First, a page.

By Brian Feinzimer
By Charles Lam
By Joel Beers
By LP Hastings
By Dave Barton
By LP Hastings
By Joel Beers
It's 7:30 p.m., and I'm standing in line outside the packed PAS Gallery. There are 22 people ahead of me, waiting excitedly to see "Art With an Agenda: An Exhibit Inspired by Kelly Thomas." Within five minutes, there are 20 people standing behind me.
I've never had to wait in line to see an exhibit in Orange County. That the crowd—concerned citizens, children, bluehairs and hipsters, among others—is there to see artwork instigated by the tragic life and brutal death of Thomas, a schizophrenic homeless man beaten to an unrecognizable pulp by Fullerton police, is an extraordinary thing.
The gallery's opening salvo is a powerful one: Using the harrowing black-and-white surveillance video of the beating as inspiration, John M. Sollom* (who co-curated with Stephan Baxter) has painted a series of small canvases, titled Stations of the Cross. Aside from the questionable religious title (more about that later), the murky confrontation between the mentally ill man and the aggressive officers moving silently toward a horrific ending quickly sets the tone. Andrea Bersaglieri also confronts the viewer with her modest work, Kelly and Anonymous Kelly. Variations on the same portrait of a young Thomas, with a large square obscuring his face in the latter, as viewers move from one picture to the other, their faces are reflected in the glass over the blank square. Using a completely different tact is Abraham Acosta's painting Ragdoll, awash in a pensive Van Gogh blue, with its subtle image of a toy missing an eye, the tiny face swollen and bandaged offering an unexpected poignancy.
If you've had the misfortune of watching the beating on YouTube or elsewhere, one of the most distressing things you'll hear is Thomas crying out for his father to help him. Ron Thomas wasn't present when his son was Tasered, kicked and pummeled with a flashlight, but someone calling for help to an unhearing father figure is echoed in the most moving picture in the show (and one that had me catch my breath to keep from crying), untitled and without the artist identified on the night I attended: A blown-up photograph of clouds in the sky with the words Dad! Dad! Dad! Photoshopped over them.
Susan Olsen's graphic Still Life takes a cop cliché—the doughnut—and succinctly turns it on its head by setting it on the ground in a pool of blood, illuminated only by a dropped flashlight. Equally strong is a photograph of a pair of hands pulling on rubber gloves in Christian Fuhrer's Now See My Fists? Bathed in a red-orange glow reminiscent of the light bar on a squad car, it feels intensely violent without showing a single drop of blood.
Much has been made about some of the in-your-face work in the exhibition, but if you've been to more than one art gallery during your lifetime, you've probably seen worse. The use of Thomas' brutalized face as art (Ricardo E. Gonsalves' Sadistic Desire, for example) is questionable to my mind, void of subtext as it is, but far worse is the poverty of imagination involved. With many of the artists reveling in reactionary "shocking" images of policemen as pigs—grotesque cops clutching celebratory hard-ons as they transform into pigs and encircle a forlorn Thomas; severed pig heads; "pigtraits" of Manuel Ramos and Jay Cicinelli, the two officers due to stand trial for Thomas' death, as scowling porkers; Rene Cardona's porcine beret-wearing, club-wielding Fascist—what's most head-shakingly pathetic is that these artists aren't offering any insight.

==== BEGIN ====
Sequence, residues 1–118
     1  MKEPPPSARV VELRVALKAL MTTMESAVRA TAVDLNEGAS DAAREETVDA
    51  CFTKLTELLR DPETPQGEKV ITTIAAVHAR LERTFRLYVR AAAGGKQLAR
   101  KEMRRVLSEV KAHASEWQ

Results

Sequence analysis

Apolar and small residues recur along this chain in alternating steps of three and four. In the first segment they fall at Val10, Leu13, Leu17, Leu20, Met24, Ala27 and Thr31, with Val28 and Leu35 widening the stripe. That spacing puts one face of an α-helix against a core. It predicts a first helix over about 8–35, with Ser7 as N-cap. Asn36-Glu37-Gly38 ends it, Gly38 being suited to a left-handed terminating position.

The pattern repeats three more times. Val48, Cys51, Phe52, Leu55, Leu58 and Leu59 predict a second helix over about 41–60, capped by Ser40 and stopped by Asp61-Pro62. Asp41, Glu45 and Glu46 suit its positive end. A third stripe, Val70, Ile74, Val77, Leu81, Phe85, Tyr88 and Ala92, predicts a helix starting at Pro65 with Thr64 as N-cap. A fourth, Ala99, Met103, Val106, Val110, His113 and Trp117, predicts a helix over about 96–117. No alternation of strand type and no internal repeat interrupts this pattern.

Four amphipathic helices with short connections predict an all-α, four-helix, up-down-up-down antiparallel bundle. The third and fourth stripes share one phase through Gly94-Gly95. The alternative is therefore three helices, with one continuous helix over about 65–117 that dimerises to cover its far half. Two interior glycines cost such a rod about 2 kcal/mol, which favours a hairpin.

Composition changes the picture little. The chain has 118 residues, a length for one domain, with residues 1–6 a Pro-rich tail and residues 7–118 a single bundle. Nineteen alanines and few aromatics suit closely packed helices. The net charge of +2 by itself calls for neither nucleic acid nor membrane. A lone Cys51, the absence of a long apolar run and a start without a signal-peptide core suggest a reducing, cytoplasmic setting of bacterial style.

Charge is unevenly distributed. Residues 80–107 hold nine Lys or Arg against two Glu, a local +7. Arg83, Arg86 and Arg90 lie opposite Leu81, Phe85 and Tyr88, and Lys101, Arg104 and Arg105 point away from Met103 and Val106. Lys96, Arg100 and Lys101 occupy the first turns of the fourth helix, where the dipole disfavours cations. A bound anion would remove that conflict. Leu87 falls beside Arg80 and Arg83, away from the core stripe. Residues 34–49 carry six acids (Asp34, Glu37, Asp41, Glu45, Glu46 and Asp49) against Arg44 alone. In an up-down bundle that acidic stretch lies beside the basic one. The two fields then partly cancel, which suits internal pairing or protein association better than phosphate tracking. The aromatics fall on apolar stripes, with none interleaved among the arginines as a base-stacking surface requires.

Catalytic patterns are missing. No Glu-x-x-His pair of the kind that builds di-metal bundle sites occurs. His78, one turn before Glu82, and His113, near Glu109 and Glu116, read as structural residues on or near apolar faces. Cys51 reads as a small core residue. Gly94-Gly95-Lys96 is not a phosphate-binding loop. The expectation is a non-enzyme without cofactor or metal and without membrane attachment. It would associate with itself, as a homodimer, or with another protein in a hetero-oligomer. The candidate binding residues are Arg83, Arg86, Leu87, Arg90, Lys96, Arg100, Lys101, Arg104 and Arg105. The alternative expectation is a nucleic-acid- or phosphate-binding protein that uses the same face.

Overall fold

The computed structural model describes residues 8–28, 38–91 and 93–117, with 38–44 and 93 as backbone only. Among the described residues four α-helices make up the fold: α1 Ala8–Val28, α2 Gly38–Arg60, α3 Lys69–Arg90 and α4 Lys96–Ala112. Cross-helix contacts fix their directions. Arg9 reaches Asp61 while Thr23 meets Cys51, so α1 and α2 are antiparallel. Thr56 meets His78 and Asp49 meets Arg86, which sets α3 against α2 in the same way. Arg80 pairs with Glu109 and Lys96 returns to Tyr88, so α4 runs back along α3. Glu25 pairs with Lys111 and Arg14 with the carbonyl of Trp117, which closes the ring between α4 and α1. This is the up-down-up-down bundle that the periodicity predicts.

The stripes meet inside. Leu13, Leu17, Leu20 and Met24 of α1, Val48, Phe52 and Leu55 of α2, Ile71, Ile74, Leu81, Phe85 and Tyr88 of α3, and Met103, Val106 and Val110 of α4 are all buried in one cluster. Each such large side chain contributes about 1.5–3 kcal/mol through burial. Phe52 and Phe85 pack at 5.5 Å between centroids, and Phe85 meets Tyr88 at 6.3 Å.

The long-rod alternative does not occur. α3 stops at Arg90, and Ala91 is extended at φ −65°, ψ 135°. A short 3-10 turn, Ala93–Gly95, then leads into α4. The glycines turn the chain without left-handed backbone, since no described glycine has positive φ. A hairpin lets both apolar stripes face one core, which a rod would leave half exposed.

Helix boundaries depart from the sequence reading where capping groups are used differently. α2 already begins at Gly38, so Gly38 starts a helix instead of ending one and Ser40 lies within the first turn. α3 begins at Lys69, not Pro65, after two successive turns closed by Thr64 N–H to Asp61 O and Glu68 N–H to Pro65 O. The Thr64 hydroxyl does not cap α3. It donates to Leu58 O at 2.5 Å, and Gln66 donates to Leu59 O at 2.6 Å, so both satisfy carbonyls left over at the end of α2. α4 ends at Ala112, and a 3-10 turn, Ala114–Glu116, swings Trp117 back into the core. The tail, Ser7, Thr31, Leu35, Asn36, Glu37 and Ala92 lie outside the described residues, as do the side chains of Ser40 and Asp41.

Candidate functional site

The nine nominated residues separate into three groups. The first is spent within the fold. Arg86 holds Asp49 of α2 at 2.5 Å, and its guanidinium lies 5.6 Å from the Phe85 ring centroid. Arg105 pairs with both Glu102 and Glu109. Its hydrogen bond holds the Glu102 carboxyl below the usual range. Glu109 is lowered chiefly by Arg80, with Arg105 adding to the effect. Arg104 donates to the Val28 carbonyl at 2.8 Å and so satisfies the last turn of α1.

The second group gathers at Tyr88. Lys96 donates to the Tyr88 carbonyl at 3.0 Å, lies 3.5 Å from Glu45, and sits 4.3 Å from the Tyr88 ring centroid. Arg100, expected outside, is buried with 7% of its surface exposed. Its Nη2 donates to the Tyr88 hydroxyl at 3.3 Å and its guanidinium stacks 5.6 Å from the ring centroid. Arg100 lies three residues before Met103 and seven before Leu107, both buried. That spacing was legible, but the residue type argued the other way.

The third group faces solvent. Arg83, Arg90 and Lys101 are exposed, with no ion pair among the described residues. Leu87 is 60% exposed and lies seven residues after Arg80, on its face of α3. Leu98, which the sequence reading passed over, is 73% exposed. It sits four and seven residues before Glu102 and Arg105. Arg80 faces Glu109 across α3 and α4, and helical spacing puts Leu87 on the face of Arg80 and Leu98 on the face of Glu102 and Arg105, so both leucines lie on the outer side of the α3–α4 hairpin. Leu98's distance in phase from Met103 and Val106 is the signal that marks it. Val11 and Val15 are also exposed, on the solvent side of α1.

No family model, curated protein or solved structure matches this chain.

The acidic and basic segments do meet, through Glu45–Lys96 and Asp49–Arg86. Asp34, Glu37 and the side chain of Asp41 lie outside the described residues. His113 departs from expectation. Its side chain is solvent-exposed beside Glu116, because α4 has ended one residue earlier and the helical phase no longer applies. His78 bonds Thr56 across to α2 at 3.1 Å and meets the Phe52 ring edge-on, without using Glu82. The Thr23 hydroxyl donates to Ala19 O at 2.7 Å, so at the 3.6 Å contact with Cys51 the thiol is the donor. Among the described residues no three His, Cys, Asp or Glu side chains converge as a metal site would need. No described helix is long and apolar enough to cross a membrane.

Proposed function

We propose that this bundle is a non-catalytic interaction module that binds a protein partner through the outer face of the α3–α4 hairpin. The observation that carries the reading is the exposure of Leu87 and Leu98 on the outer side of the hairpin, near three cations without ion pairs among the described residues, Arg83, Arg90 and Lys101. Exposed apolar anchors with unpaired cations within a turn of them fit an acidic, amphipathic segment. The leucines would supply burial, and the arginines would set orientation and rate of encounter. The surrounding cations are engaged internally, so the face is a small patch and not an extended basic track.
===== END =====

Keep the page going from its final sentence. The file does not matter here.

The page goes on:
If an artist portrays the target of his ire in a reductive way as some thing lower than himself—an animal commonly (and incorrectly) associated with shit and stupidity—what makes his world-view all that better than that of the public servants who blatantly disregarded the humanity of their victim? The flip side of this is the equally moronic idea that homeless people are universally beatific angels, murdered by a society that destroys the saintly. While only a couple of artists falls prey to this, there are still far too many Christlike images of Thomas, dressed in white or with the suggestion of a halo. It's cheap and ridiculous—and too easy. Sentimentalizing mental illness and homelessness is just another tactic to push the uncomfortable away from us, letting us off the hook while simultaneously robbing those on the street of their fragile humanity. Fervency and passion (for justice or revenge) may explain the two extremes, but it doesn't excuse them. It also doesn't make good art.
Kelly Thomas deserves better.
This review appeared in print as "Piggish: Art exhibit dedicated to Kelly Thomas has some good pieces, but others lack true insight."
* Mr. Sollom's name was misspelled in the original story.